In 2009, neurologists from New York’s Albert Einstein College of Medicine found that a 19-year-old patient suffering from cluster headaches had good results when they medicated with smoked cannabis. The patient did not find relief from conventional treatments such as sumatriptan, prednisone, and oxycodone. However, “Marijuana use at the onset of his headaches consistently brought complete relief within five minutes of inhalation for each attack,” they wrote in the report.

 

“Dronabinol was substituted for marijuana for acute treatment of his cluster headaches; dronabinol consistently provided dramatic relief within five to ten minutes of ingestion,” they added.

 

“We present a patient with cluster headache who was refractory to multiple acute and preventive medications, but successfully aborted his attacks with recreational marijuana use… The beneficial effect may be related to the high concentration of cannabinoid receptors in the hypothalamus, which has been implicated as a site of dysfunction in neuroimaging studies of patients with cluster headache,” the authors concluded.

 

Then in 2014, a study analyzed 18 patients with chronic cluster headaches. They attempted to medicate with cannabis since standard pharmaceutical treatments did not benefit them. On average, they smoked around a gram of cannabis. The researchers followed up with the participants 2 months up to 3 years after they medicated with marijuana.


The researchers found that 83% of the participants reported a 50% or more reduction in severity of headaches, while 61% reported an astounding 90-100% reduction in headaches. Meanwhile, 50% of the participants said they saw a decrease in headache frequency. In addition, 61% said that they were highly satisfied with the use of cannabis, as it helped reduce the need for prescription medications while increasing quality of life and sleep habits.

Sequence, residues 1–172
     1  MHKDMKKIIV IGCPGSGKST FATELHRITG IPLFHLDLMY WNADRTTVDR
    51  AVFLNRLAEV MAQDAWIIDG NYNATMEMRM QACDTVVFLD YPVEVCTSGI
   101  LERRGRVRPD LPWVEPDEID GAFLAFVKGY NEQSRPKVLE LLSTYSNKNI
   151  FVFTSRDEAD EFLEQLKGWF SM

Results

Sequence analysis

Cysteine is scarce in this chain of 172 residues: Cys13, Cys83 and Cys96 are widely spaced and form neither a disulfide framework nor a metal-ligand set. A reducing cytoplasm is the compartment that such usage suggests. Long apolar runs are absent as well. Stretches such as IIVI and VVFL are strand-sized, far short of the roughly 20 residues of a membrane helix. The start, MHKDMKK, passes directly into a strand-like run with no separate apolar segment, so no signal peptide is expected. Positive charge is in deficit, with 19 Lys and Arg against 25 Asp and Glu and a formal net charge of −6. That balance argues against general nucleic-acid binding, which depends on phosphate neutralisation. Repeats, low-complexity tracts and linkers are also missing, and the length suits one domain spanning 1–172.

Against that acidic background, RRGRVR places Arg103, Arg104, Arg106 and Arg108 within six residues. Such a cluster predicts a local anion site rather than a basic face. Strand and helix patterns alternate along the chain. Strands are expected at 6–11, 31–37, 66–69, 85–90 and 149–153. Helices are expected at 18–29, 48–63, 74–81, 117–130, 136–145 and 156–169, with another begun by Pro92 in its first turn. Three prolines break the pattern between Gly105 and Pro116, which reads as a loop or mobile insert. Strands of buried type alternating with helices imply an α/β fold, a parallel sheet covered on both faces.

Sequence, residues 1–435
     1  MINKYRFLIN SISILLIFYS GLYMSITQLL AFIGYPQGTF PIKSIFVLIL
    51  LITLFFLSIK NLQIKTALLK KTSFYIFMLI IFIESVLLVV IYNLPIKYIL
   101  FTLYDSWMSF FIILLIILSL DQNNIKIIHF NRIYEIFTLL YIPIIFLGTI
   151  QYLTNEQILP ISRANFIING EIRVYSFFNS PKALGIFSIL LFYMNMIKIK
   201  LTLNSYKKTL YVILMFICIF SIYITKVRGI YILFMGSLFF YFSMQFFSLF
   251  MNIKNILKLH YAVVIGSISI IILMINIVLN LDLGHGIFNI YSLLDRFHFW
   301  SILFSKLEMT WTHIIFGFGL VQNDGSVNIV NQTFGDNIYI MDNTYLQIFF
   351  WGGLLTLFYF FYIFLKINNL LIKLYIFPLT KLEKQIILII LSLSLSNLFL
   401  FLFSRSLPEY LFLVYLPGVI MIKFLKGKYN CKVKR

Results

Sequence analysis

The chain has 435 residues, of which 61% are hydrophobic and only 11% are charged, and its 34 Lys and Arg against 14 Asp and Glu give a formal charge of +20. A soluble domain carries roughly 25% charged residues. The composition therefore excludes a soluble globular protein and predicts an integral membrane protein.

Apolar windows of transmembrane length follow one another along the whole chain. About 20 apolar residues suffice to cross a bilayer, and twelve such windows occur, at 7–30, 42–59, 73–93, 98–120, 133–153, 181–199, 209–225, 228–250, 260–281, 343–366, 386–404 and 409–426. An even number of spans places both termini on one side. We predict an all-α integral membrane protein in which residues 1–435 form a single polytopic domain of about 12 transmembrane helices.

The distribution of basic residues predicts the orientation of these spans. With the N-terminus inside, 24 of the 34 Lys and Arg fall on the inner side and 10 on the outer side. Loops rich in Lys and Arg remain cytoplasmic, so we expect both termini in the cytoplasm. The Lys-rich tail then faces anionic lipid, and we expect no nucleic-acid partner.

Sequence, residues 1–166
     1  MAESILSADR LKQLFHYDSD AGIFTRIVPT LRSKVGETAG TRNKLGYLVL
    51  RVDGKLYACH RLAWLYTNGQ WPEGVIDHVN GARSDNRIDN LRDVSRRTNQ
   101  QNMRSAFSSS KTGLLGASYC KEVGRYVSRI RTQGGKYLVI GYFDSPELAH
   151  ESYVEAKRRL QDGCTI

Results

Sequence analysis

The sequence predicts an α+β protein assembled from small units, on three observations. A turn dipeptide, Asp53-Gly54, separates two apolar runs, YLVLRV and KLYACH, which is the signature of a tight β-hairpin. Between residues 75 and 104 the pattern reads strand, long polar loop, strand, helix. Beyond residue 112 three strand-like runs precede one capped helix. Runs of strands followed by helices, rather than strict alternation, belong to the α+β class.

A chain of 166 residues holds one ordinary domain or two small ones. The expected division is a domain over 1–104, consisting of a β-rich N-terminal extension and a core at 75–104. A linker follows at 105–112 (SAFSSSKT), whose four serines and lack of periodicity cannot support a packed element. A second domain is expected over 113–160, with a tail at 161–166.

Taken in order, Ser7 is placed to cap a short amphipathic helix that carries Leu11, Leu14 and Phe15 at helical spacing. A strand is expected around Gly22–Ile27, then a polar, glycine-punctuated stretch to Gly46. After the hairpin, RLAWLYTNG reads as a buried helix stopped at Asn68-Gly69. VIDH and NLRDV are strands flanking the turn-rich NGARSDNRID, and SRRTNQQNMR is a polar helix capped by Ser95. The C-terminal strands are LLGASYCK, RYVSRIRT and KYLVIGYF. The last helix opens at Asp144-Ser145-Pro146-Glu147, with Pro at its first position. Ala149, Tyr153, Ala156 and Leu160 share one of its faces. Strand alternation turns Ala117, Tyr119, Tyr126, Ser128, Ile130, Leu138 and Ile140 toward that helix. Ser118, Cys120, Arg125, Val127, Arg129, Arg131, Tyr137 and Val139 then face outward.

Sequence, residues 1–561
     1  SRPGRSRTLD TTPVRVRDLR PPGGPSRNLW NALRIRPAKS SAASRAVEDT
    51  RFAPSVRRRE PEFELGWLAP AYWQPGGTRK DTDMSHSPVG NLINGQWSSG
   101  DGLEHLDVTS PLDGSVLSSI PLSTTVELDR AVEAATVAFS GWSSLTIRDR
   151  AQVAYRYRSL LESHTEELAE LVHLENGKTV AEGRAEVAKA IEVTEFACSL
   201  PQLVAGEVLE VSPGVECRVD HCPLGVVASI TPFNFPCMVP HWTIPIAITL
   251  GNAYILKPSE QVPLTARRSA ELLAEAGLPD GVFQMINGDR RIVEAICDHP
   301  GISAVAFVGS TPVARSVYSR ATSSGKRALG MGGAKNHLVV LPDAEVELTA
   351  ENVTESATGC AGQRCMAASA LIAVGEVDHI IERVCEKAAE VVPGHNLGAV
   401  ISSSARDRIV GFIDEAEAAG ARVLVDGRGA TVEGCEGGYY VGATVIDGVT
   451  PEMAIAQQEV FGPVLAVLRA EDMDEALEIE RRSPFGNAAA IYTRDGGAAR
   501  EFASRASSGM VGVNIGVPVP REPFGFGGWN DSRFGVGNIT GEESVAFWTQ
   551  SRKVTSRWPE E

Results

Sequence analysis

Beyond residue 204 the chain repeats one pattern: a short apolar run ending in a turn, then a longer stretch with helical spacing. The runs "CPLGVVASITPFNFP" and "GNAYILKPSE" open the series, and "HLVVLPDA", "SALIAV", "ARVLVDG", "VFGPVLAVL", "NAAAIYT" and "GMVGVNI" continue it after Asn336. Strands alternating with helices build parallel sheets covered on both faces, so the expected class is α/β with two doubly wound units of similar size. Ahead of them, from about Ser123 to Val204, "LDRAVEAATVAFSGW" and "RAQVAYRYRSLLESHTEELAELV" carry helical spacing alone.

Another study, whose findings were shared in a 2017 neurology conference that took place in Europe revealed that daily administration of THC and CBD were effective in reducing cluster headache frequency by as much as 40%. The results were actually comparable to those of amitriptyline, an antidepressant that is sometimes used for treating cluster headaches. However, the researchers noted that the results were only found to be favorable if the patient also had migraines.

 

Additionally, they found that the THC-CBD combination was effective in reducing migraine severity by 43.5% and cluster headaches by 55%. “We were able to demonstrate that cannabinoids are an alternative to established treatments in migraine prevention,” explains Maria Nicolodi, lead researcher of the study, during the 3rd Congress of the European Academy of Neurology in Amsterdam.

 

When it came to the effective dosage, they found that 200mg was ideal; if the participant consumed half of that, there were no reported benefits.

 

Conclusion

 

Given the studies proving the painkilling properties of marijuana, there is good reason to believe that medicating with THC and CBD is effective for treating and managing cluster headaches. If you suffer from cluster headaches but don’t find relief with traditional medication, speak to your doctor today about experimenting with medical marijuana.